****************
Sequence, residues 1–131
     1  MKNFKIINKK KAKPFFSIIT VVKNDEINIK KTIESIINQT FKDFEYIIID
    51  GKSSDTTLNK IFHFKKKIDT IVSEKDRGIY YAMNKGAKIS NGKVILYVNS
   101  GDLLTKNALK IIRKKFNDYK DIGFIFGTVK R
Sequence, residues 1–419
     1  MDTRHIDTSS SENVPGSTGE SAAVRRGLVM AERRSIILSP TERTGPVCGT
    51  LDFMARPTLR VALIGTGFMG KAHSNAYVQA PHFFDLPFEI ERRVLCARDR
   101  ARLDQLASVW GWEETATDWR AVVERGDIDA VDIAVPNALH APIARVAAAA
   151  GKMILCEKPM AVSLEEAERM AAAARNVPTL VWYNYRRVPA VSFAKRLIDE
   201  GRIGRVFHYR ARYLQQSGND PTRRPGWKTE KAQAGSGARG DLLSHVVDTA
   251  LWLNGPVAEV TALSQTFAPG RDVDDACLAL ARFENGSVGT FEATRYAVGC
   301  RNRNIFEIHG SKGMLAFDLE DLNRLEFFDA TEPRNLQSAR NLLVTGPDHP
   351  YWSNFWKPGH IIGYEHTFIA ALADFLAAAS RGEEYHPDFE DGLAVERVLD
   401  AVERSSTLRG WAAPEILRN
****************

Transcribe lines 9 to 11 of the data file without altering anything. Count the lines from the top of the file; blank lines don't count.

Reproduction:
   151  GKMILCEKPM AVSLEEAERM AAAARNVPTL VWYNYRRVPA VSFAKRLIDE
   201  GRIGRVFHYR ARYLQQSGND PTRRPGWKTE KAQAGSGARG DLLSHVVDTA
   251  LWLNGPVAEV TALSQTFAPG RDVDDACLAL ARFENGSVGT FEATRYAVGC